Monday, July 20, 2015

Memorials and memories

Gander, NL – Our day was a bit diffe-rent today, because we divided it between seeing sights and seeing people we knew. When you’ve been engaged in brief conversations with strangers day after day, connecting with folks you know is a very pleasant change, and so it was today.

The sightseeing portion of the day took us to Gander International Airport, which in its heyday was the largest airport in North America. We knew quite a bit already from our visit to the Aviation Museum yesterday, but it was good to see the actual location.
At the reception desk, we chatted with Russ, an airport employee with a toothless smile behind a snow-white mustache and a shiny bald head, plus a twinkle in his eye. He directed us to the visitor viewing platform on the second floor, where we could see the international departure lounge down below and the impressive 72-foot mural that was unveiled by Queen Elizabeth II in 1959.

There had been talk about refurbishing the lounge, but there was enough resistance that the large hall has been allowed to remain the way it was in the 1950s, with floor tiles and furniture of that vintage. “Those seats have seen a lot of bums!” quipped Russ.
We ran into Russ again as we were leaving, and he strolled out to the car with us as he headed out for a smoke break. It turns out he was on duty on December 12, 1985 when the Avro Arrow plane bringing US military personnel back home from peacekeeping duties in Egypt crashed, moments after take-off, killing all 248 military personnel and eight crew members on board. He spent three days collecting human remains and helping to clear the crash site, and he said the memory of that tragedy still haunts him to this day.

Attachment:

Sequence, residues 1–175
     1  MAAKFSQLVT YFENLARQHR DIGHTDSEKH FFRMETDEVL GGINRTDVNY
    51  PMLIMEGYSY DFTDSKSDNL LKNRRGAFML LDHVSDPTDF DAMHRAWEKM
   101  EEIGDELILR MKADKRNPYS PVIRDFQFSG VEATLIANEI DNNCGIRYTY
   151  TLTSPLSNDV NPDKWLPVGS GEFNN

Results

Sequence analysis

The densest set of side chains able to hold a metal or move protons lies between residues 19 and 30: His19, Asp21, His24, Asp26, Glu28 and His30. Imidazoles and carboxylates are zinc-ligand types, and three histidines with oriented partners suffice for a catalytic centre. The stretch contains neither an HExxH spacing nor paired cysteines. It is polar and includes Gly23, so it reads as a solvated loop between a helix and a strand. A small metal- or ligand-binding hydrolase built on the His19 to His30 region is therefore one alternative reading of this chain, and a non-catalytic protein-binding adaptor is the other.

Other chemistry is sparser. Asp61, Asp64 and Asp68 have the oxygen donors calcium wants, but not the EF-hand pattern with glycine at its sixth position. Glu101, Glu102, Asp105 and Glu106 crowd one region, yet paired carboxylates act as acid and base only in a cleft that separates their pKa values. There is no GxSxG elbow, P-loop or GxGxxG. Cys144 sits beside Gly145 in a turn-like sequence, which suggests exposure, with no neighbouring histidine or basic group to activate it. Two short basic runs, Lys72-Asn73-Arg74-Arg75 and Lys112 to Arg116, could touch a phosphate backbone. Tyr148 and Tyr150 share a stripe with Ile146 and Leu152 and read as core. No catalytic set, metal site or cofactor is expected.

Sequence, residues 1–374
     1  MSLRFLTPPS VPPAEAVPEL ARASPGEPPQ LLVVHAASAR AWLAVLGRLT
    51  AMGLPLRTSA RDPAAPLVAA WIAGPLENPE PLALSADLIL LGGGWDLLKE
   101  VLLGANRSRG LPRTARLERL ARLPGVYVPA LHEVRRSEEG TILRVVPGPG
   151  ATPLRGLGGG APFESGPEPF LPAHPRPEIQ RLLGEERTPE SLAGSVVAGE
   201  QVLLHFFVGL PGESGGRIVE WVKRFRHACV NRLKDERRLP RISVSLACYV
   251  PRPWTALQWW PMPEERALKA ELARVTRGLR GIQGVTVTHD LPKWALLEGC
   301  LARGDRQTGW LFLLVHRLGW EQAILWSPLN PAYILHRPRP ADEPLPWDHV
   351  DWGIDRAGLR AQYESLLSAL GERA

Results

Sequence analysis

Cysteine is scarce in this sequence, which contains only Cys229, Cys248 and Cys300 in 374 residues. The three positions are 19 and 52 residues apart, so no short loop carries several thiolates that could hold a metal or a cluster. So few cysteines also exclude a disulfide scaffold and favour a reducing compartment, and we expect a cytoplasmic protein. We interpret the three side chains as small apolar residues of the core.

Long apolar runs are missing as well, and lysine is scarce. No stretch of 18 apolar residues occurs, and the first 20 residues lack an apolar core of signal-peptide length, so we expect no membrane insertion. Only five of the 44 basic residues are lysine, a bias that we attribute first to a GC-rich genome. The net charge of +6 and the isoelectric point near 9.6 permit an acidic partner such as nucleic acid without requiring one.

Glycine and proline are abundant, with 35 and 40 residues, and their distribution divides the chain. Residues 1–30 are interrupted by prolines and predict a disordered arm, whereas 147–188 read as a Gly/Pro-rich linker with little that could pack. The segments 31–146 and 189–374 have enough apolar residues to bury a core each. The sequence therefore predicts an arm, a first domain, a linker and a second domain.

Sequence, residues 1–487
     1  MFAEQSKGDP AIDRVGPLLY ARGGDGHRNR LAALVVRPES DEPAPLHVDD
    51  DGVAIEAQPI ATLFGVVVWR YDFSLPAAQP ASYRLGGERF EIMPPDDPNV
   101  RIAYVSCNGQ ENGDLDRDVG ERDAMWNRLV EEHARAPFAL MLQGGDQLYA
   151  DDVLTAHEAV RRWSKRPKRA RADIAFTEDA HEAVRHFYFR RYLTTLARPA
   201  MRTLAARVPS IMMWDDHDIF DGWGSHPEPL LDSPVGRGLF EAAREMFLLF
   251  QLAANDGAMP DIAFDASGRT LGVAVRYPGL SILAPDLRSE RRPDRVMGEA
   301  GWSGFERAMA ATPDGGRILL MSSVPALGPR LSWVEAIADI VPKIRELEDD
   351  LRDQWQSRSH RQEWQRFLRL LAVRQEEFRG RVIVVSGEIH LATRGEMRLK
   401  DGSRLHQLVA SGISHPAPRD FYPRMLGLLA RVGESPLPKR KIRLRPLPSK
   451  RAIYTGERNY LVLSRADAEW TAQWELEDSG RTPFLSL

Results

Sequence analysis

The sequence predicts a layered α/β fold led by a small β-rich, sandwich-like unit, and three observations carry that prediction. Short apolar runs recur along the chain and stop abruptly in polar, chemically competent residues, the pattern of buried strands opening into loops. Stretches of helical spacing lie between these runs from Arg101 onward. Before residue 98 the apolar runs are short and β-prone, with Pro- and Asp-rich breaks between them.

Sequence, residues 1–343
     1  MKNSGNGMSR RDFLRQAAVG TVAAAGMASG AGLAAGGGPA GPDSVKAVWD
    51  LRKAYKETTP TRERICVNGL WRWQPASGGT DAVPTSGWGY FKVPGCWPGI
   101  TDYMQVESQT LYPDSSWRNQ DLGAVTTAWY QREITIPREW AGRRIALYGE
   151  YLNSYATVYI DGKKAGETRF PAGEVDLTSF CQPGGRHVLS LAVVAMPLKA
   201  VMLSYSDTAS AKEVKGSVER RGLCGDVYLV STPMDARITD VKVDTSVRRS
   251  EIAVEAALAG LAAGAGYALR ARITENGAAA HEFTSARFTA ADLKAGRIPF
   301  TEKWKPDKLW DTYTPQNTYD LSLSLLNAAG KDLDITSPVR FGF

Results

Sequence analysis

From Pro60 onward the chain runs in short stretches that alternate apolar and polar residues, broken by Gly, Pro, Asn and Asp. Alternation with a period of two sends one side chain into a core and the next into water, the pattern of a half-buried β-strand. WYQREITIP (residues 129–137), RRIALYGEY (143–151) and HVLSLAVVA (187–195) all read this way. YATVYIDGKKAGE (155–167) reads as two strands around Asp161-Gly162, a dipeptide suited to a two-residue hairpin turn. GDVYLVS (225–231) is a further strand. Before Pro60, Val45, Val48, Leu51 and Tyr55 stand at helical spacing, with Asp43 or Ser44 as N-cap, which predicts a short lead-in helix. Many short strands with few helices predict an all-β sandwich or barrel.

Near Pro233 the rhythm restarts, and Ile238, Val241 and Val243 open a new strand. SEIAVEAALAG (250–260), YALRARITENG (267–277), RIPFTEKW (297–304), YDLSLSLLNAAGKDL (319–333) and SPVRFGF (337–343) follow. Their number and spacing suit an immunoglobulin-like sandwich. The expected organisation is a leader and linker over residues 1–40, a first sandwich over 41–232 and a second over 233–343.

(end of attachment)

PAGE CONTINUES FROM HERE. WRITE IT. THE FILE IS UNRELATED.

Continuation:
A memorial called The Silent Witness is located at the crash scene that we drove to next, south of the air-port, where all 256 victims'names are recorded on a plaque, and the flag of the 101st Airborne flutters in the breeze. Small American flags are planted all over the grounds, and a statue of a soldier holding the hand of a small boy and girl is on display. Each child has an olive branch in their hand, and they stand as symbols of a peaceful future.

Our evening’s entertainment was dinner at the home of Len and Wendy – Len was a troopmate of Val’s with whom we had reconnected last year at the troop reunion in Regina. They told us to get in touch when we got to Gander, where they live, so we did! It was great to see them again, and Val and Len had a great time trading tales of their early years. Wendy put on a lovely spread; a real treat after camp suppers and restaurant meals!

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